Event-Related Potentials (ERPs)

Event-Related Potentials (ERPs)

Brain ActivitiesEvent-related potential (ERP) is a very small voltage brain activity that is the direct result of a specific sensory, cognitive or motor event. It is any stereotyped electrophysiological response to a stimulus. The transient electric potential shifts (the ERP components) are time-locked to the stimulus onset. Each ERP component reflects the brain’s activity which is associated with one or more mental operations. The modern neuroscience considers ERPs the reflections of complex neurophysiological processes overlapped in time and space. They are in turn associated with distinct psychological operations.

The assessment of ERPs provides a non-invasive means of evaluating brain functioning. ERPs are measured with electroencephalography (EEG), which requires placing electrodes on the scalp, and amplifying and recording the neural activity generated in the brain. The EEG signal at any time is the representation of many simultaneously ongoing brain processes. Therefore, the brain response to a single stimulus or event of interest is too small to be visible on the EGG trace. In order to see the time-locked event’s potential, multiple repetitions of the event is conducted and the EEG traces are averaged. During this process other processes not related to the stimulus cancel each other, but the time-locked event builds up and the potential related to that event becomes observable.

The ERP waveforms consist of a series of positive and negative voltage deflections, which are related to a set of underlying neural events. These events are labelled with a letter (N or P) indicating the negative or positive polarity, followed by a number indicating either the latency in milliseconds or the component’s ordinal position in the waveform. For example, a negative-going peak, which occurs about 100 milliseconds after a stimulus is presented, is called the N100 (its latency is 100 ms) or N1 (it is the first peak and is negative).

There are 2 categories of ERPs in humans. The early components occurring within the first 100 milliseconds after stimulus, are termed ‘sensory’ or ‘exogenous’, as they depend largely on the physical parameters of the stimulus. In contrast, ERPs generated in later parts reflect the way in which the subject evaluates the stimulus and are termed ‘cognitive’ or ‘endogenous’ ERPs. It is during these moments that the incoming information is processed.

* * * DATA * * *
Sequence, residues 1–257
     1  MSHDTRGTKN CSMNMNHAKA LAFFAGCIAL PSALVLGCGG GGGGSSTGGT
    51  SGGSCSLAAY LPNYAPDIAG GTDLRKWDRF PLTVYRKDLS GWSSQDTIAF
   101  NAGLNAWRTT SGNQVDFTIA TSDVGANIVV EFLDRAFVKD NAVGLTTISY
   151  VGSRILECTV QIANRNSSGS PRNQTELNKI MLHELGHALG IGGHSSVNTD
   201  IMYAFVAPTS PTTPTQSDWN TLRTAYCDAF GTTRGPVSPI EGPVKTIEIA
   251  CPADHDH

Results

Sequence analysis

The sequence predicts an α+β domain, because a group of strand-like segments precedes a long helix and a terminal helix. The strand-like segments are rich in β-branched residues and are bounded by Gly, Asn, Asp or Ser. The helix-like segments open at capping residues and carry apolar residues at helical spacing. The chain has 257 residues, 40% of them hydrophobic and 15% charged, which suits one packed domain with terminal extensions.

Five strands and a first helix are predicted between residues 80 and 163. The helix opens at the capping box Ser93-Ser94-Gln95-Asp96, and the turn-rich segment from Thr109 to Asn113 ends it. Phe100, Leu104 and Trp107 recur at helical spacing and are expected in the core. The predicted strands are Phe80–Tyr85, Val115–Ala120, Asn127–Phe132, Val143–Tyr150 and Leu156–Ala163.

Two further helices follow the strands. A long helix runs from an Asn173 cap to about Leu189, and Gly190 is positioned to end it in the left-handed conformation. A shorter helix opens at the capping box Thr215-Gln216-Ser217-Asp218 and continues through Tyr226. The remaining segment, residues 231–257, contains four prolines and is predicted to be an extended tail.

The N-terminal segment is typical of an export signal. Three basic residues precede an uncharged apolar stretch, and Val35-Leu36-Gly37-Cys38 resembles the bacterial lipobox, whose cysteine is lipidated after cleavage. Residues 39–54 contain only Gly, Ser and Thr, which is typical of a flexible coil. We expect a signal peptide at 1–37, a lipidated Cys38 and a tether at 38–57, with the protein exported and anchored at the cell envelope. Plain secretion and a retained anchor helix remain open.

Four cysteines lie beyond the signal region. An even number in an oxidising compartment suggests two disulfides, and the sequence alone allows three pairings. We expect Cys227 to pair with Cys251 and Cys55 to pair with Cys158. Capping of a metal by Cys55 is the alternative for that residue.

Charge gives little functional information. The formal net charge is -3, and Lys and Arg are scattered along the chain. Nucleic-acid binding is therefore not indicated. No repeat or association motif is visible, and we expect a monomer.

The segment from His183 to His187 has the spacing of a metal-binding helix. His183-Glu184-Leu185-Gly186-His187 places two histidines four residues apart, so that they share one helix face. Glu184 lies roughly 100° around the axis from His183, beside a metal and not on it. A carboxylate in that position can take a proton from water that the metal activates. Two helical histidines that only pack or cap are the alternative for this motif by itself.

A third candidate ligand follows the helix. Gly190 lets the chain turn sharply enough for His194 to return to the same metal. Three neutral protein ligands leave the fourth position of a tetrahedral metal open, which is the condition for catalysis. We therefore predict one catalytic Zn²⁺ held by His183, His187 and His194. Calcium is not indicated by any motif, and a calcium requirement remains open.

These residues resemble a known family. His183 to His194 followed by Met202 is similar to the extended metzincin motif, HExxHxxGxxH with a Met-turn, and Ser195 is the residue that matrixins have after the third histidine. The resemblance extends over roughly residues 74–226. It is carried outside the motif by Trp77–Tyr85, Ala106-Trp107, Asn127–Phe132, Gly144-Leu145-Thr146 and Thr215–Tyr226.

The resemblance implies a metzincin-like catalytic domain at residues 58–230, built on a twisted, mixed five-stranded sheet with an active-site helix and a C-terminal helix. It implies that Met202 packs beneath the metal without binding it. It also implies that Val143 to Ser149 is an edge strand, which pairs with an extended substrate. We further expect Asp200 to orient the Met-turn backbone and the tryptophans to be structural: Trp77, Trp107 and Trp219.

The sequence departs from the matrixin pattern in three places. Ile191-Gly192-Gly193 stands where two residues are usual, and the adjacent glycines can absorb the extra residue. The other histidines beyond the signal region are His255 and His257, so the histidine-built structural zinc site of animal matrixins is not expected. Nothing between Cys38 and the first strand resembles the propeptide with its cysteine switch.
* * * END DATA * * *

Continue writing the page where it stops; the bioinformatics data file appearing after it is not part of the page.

Compared with behavioural assessment procedures, ERPs provide a continuous measure of information processing between a stimulus and a cortical response, making it possible to determine which stage(s) of information processing are being affected by the designed test protocol. Furthermore, ERPs can provide a measure of processing of stimuli even when there is no behavioral change. It is relatively difficult to localise the exact source of an ERP. However, a mathematical computation process called independent component analysis (ICA) may be able to extract multiple, functionally distinct sources of an ERP generated by separate regions of cortex. This method greatly increases the benefit of ERPs by providing a cleaner and less ambiguous measure of source activity. ICA is applied to a collection of ERPs recorded from a large number of subjects. The methodology was described in several papers (Kropotov, Ponomarev, 2009; Kropotov et al., 2011, 2012) and in two monographs published by Academic Press, Elsevier  (Kropotov, 2009) and by Springer (Mueller, Cadrian, Kropotov, 2011).  This new analysis method opened a new approach for discriminating groups of patients (ADHD, schizophrenia, OCD, TBI, PTSD), as well as aiding for diagnosis of brain dysfunction in a single patient.

In our clinic ERPs are recorded and analysed as part of the brain function profile (BFP) assessment process.